NYPD Drones to Keep an Eye on Labor Day Weekend Parties

nypd drones to keep an eye on labor day weekend parties.jpg Technology

In a move that marks a significant shift in policing norms, the New York Police Department (NYPD) is set to deploy drones as a response to noise complaints during the upcoming Labor Day weekend. The NYPD, which has been utilizing drone technology in limited capacities for search and rescue missions, crime scene documentation, and large public event monitoring, is stepping up its game. Now, these unmanned aircraft systems might just be hovering over your backyard party, a development that has sparked concerns over privacy and surveillance policies.

The decision to use drones for such purposes is not without controversy, with privacy advocates and civil liberties unions voicing their apprehension. Critics argue that this new initiative "flies in the face of the POST Act," a legislation that mandates the police to disclose its surveillance technology usage policies. When the NYPD first introduced its drone program, it assured the public that the technology would not be deployed for "warrantless surveillance." However, it remains ambiguous whether the department will secure a warrant for noise complaints at private events, or if such scenarios qualify as "exigent circumstances" under the POST Act’s provisions. Amidst this controversy, it is clear that the NYPD’s use of drones is on the rise, with 124 deployments reported in 2023 alone.

NYPD To Use Drones For Noise Complaints: A Potential Privacy Concern?

The New York Police department (NYPD), known for its use of drones in search and rescue missions, crime scene documentation, and large public events surveillance, has announced plans to extend its drone use to noise complaints during the Labor Day weekend. This new development, however, has stirred up concerns among privacy advocates.

Extended Drone Use

In a recent press conference, Assistant NYPD Commissioner Kaz Daughtry announced, "If a caller states there is a large crowd, a large party in a backyard, we’re going to be utilizing our assets to go up and check on the party." The NYPD’s drone program has been in operation for a few years, deploying unmanned aircraft systems 124 times in 2023 alone. Until now, their primary uses have been for search and rescue missions, documenting crime scenes, and monitoring large-scale public events such as New Year’s Eve in Times Square. This proposed extension of drone use to private properties in response to noise complaints is a significant shift in the department’s operations.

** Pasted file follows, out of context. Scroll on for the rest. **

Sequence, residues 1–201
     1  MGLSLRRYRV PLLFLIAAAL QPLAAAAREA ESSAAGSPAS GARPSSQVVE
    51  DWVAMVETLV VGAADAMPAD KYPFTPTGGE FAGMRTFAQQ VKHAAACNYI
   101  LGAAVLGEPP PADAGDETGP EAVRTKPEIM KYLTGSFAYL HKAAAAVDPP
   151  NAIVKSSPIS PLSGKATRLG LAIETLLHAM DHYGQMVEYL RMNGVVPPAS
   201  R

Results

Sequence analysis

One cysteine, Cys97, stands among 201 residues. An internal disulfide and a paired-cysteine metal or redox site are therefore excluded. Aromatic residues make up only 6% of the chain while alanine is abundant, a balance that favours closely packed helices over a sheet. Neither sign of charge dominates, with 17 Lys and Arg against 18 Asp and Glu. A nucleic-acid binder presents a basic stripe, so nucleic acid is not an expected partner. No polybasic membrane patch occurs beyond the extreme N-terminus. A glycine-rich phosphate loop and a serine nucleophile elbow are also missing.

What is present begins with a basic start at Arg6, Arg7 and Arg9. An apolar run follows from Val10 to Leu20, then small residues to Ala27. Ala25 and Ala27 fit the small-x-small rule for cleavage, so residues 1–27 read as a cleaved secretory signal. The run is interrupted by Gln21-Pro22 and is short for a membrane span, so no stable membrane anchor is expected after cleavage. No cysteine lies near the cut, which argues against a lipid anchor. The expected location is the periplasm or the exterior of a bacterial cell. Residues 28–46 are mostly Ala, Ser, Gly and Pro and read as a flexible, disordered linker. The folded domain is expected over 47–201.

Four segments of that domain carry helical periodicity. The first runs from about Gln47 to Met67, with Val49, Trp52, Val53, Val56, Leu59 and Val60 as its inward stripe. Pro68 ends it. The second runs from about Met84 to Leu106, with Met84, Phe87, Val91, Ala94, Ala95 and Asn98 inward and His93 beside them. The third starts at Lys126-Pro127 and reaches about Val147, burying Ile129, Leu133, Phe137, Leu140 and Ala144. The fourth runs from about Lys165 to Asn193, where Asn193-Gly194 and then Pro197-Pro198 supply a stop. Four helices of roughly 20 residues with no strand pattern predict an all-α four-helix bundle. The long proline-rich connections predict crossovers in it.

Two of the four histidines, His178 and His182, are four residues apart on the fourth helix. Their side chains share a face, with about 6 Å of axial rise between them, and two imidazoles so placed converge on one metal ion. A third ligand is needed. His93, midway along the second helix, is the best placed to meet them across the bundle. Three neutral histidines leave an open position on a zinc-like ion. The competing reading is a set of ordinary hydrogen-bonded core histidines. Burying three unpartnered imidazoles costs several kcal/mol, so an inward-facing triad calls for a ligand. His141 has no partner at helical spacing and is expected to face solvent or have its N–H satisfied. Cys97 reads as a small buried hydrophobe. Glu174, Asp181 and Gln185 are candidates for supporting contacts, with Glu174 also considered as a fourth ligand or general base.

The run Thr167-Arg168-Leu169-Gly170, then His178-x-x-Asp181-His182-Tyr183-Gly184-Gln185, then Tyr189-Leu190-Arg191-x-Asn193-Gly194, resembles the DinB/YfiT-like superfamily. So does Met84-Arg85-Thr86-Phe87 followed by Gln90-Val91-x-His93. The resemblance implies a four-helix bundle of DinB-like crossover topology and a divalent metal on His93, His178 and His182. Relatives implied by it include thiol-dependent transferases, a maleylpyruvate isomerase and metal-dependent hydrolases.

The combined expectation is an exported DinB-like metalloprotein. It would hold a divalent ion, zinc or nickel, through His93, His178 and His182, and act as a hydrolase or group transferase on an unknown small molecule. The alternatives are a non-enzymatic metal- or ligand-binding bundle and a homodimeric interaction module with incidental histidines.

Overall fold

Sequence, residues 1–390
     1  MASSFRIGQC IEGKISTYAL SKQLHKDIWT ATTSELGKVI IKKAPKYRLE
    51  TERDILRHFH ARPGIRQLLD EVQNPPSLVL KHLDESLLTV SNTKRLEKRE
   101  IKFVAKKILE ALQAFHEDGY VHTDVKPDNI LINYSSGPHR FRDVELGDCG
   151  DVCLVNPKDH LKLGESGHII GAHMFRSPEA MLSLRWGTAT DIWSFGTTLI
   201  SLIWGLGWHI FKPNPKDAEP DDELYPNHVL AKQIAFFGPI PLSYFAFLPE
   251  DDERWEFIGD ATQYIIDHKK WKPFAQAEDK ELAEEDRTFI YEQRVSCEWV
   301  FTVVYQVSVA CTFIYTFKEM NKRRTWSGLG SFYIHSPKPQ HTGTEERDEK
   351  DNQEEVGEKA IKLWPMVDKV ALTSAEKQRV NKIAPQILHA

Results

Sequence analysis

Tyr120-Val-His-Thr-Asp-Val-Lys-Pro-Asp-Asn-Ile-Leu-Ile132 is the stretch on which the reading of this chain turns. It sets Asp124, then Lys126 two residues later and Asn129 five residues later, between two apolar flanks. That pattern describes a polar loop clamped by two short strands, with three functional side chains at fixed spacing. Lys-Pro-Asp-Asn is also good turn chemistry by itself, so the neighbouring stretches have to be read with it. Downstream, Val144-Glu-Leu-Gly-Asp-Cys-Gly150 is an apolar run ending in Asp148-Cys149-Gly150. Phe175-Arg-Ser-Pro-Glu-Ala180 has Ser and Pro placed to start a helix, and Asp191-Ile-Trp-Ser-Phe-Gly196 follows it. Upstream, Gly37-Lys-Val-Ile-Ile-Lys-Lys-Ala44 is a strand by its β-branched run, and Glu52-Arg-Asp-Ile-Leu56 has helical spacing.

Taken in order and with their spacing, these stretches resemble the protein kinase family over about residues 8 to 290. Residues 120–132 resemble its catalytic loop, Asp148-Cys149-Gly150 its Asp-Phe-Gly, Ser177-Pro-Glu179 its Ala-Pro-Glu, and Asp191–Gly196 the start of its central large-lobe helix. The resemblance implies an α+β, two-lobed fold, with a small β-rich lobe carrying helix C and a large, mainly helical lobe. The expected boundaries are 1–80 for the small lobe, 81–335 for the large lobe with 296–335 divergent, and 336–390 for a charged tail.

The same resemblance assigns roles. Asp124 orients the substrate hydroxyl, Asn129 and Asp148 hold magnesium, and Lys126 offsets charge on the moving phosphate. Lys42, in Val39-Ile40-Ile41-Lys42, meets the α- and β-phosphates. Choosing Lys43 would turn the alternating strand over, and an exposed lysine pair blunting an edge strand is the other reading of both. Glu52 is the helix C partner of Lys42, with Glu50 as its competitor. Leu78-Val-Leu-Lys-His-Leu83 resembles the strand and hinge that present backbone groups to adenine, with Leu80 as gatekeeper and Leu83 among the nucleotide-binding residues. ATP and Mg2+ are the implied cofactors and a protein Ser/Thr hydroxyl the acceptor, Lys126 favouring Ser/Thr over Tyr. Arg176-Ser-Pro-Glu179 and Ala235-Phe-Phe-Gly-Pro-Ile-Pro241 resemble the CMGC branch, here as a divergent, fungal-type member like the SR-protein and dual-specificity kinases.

Privacy Concerns Raised

However, this new plan has elicited swift responses from privacy advocates. A representative from the New York Civil Liberties Union has stated that this announcement "flies in the face of the POST Act" — legislation that requires the police to publish its use policies for surveillance technology.

The NYPD’s new plan marks a significant departure from these policies. When the drone program was first launched, the department made assurances that the technology would not be employed for "warrantless surveillance." This commitment is mirrored in the NYPD’s POST Act Unmanned Aircraft Systems: Impact and Use Policy. It specifies that, barring exigent circumstances, drones should not be used "in areas where there is a reasonable expectation of privacy without NYPD personnel first obtaining a search warrant that explicitly authorizes the use of UAS."

Ambiguity Around Warrant Requirement

As of now, it remains unclear whether the department intends to obtain a warrant for noise complaints at private events during the Labor Day weekend. It’s also uncertain whether such a complaint would be considered an "exigent circumstance" under the policy.


The NYPD’s decision to use drones for noise complaints represents a significant shift in their surveillance policies, prompting valid concerns over privacy rights. Given the ambiguity around the warrant requirement for such operations, it’s crucial that NYPD offers clarity to avoid potential overreaching and ensure citizens’ rights are not infringed upon. The balance between effective policing and respecting privacy continues to be a delicate issue, especially in an era of rapidly advancing technology.

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